Small loans could see their interest rates drop to the lowest in four years, a move analysts said was a response to slowing growth in the housing market.
The Small Loan Rate Review Committee voted Thursday to lower the base rate on small loans from 6.25% to 5%.
The 5.25 percentage point increase is one of the most drastic reductions in rate increases in the country, the Small Loan Council of New York said in a statement.
The council said the rate cut was necessary to help stabilize the housing markets.
The rate cut would come into effect Jan. 1, 2019.
In December, the Federal Reserve said the economy was on track to grow 4.1% in the fourth quarter.
That was about half of the 6.8% growth expected.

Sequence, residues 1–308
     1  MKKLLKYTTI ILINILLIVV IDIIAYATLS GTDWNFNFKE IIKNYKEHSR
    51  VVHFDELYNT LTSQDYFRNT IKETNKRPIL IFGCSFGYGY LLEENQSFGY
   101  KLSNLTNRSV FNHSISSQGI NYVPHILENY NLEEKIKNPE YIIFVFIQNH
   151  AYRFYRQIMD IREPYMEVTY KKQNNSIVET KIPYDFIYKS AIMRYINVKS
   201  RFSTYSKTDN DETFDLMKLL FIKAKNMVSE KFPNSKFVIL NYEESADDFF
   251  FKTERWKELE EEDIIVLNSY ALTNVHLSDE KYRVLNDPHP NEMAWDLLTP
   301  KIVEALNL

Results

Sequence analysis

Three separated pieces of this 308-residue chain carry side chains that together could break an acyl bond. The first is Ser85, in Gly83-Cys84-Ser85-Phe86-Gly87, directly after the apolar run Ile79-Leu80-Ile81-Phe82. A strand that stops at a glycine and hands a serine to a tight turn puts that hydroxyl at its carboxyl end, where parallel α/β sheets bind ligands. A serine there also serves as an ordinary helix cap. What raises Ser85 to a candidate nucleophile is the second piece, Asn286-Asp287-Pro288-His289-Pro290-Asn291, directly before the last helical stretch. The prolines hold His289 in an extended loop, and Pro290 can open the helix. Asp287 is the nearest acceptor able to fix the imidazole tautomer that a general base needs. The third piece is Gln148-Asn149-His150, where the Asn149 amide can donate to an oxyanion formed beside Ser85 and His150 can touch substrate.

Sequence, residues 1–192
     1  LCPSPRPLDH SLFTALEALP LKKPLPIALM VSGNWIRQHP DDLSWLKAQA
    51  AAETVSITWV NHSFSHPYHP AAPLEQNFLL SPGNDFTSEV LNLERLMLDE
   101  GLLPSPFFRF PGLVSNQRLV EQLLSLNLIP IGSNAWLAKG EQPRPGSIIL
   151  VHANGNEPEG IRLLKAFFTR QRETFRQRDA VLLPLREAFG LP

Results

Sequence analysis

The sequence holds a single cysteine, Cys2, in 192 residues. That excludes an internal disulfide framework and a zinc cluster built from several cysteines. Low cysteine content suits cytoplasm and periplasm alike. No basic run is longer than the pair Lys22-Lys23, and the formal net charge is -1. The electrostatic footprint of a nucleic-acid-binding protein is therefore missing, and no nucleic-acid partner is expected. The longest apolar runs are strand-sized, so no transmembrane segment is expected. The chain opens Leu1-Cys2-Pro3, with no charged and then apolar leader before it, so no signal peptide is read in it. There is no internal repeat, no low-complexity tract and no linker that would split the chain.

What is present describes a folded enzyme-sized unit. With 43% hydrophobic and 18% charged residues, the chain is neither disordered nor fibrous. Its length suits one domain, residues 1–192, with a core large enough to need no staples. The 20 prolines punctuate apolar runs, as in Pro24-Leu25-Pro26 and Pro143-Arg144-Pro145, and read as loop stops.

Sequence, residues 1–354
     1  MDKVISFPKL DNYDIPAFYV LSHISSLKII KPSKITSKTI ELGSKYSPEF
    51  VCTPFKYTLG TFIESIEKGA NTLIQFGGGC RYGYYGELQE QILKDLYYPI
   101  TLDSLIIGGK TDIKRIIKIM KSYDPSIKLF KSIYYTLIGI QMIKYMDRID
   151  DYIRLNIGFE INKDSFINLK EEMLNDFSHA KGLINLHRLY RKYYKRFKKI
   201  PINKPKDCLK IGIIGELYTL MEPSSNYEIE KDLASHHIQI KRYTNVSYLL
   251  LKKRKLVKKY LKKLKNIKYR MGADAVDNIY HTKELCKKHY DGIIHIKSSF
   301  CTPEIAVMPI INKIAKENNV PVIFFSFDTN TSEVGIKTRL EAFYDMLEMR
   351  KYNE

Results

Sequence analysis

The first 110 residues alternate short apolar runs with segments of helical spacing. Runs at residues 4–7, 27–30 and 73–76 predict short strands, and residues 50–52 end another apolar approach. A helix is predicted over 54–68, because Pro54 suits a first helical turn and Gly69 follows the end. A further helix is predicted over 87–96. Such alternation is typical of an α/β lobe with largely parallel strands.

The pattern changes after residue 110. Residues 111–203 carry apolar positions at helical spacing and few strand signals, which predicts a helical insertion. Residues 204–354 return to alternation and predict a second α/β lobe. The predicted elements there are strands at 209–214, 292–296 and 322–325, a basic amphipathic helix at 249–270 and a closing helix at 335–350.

The 5.50% base rate would be the lowest rate for small loans in more than 20 years.
It is the second-lowest rate in the world, behind only Japan, according to the Small Lending Institute.
The rate cut is one that would be supported by a large share of mortgage interest income, the council said.
The committee also voted to reduce interest rates on some loans that are backed by credit card debt, such as mortgages that have a fixed payment.
The rates would be 5.15% for these loans and 3.25%.
The 3.5% rate is currently the highest in the U.S. The credit card interest rate is 2.75%.
The committee voted to cut interest rates for these other types of loans.
The average rate for the smallest home loan is $2,000, the biggest is $7,400.
The average mortgage payment is about $250,000.
The median home price in the nation is about 2,000 times average annual household income.